Roots Of Biodiversity


Alexandre Antonelli references the International Plant Names Index to identify specimens.
Rose Lincoln/Harvard Staff Photographer

Our practice was born in Costa Rica, so we sometimes may appear partisan when it comes to celebrating the sciences related to biodiversity. Costa Rica has impressive credentials in that realm, especially relative to its size as a country. But we are very clear on the fact that it would take dozens of Costa Rica-sized biodiversity hotspots to match the scale of the Amazon region, and it is no surprise that studies like those of these scholars are carried out with Amazonian data:

The Amazon as engine of diverse life


“Most evolutionary research focuses on how new species form. But we want to understand how whole ecosystems evolve,” said Alexandre Antonelli.
 Rose Lincoln/Harvard Staff Photographer

A recent study says that many of the plants and animals that call Latin America home may have had their roots in the Amazon region.

The study, co-authored by Harvard Visiting Scholar Alexandre Antonelli and an international team of researchers, says that a dynamic process of colonization and speciation led to the formation of the American tropics, which is the most species-rich region on the planet. The study is described in a paper published in the Proceedings of the National Academy of Sciences.

“We were astonished to detect so much movement across such different environments and over such large distances,” said Antonelli, the study’s lead author. “Up until now, these natural dispersal events were assumed to be quite rare. Our results show how crucial these events have been in the formation of tropical America’s unique and outstandingly rich biodiversity.” Continue reading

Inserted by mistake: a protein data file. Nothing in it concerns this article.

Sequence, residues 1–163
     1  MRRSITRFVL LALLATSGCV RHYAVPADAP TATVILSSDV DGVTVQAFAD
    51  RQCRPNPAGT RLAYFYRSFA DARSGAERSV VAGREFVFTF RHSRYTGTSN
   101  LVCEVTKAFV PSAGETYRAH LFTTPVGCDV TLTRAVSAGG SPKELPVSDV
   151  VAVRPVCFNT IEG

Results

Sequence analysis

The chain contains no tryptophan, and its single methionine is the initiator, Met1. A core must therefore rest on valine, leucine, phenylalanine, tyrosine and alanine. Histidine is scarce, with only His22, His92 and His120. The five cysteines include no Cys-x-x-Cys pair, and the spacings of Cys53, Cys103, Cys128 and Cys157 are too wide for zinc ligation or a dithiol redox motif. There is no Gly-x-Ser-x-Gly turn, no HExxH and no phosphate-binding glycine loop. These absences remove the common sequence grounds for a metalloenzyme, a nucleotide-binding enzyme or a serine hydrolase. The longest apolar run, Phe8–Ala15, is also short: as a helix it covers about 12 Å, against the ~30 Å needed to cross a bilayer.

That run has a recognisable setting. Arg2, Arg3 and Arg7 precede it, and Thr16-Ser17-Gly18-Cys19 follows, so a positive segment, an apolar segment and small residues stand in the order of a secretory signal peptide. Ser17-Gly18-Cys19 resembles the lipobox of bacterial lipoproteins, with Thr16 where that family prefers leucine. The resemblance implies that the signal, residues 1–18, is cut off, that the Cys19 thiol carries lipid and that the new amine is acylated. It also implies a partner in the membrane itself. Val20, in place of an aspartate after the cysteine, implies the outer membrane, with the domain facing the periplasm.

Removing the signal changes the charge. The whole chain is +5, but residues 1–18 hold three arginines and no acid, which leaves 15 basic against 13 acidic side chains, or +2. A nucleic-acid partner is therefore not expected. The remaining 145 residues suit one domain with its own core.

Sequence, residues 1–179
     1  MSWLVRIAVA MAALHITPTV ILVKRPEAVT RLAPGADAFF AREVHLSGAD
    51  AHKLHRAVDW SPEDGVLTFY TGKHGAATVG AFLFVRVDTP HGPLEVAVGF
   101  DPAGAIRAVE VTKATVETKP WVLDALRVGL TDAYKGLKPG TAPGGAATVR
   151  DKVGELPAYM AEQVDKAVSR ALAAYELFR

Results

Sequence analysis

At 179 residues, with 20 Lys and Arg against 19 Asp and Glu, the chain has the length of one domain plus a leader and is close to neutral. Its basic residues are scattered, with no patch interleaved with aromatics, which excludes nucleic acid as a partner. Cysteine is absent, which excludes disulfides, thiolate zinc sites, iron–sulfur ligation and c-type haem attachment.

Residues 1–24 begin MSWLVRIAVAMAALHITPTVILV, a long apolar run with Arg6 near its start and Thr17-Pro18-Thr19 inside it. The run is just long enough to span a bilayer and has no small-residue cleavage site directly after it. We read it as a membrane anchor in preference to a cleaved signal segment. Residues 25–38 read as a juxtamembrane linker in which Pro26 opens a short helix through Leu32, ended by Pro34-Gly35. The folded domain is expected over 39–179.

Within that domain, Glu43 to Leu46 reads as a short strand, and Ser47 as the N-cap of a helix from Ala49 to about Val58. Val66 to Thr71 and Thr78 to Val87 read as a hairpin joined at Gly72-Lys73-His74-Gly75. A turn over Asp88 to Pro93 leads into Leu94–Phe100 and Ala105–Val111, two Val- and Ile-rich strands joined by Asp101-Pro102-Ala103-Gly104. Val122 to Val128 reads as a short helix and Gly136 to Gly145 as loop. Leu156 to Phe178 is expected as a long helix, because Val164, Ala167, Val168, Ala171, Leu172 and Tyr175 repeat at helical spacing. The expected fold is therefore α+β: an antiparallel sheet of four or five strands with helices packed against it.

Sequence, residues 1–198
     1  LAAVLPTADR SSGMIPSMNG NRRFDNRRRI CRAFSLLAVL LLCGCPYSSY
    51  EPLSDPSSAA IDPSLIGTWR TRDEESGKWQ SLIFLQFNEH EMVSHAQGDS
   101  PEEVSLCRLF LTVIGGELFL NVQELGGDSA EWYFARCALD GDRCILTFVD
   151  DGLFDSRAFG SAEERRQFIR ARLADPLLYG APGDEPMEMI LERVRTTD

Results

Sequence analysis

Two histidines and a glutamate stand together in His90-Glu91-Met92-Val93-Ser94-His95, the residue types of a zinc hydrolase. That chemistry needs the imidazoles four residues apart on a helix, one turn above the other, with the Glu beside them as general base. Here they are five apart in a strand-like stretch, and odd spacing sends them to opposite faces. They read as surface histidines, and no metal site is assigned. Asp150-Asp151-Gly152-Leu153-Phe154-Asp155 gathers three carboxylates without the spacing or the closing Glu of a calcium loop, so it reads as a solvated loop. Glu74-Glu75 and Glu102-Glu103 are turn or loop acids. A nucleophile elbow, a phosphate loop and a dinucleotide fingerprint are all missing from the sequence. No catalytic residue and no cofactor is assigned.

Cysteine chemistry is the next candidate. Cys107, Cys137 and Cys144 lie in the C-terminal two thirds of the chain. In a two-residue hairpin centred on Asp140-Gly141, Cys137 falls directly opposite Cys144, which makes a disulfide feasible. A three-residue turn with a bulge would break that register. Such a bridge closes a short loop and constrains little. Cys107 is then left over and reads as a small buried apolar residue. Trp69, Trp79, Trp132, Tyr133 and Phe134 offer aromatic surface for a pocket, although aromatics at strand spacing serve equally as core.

Collective Memory

Woodpecker specimens, Ornithology Department, Harvard Museum of Comparative Zoology

When the oldest birding group in  the U.S. gets together woodpeckers and their historical significance among endangered bird species are often the order of the day.  The Nuttall Ornithology Club held one of their last meetings of 2011 at the Harvard Museum of Comparative Zoology, excitedly taking advantage of such a rich resource that includes specimens that have both ornithological and historical value.

The Nuttall club goes way beyond the garden variety birding group. Qualification for membership includes examples of ornithological scholarly publication, education, research and conservation efforts. Roger Tory Peterson, (of guidebook fame) is an example of the group’s “high bar”.


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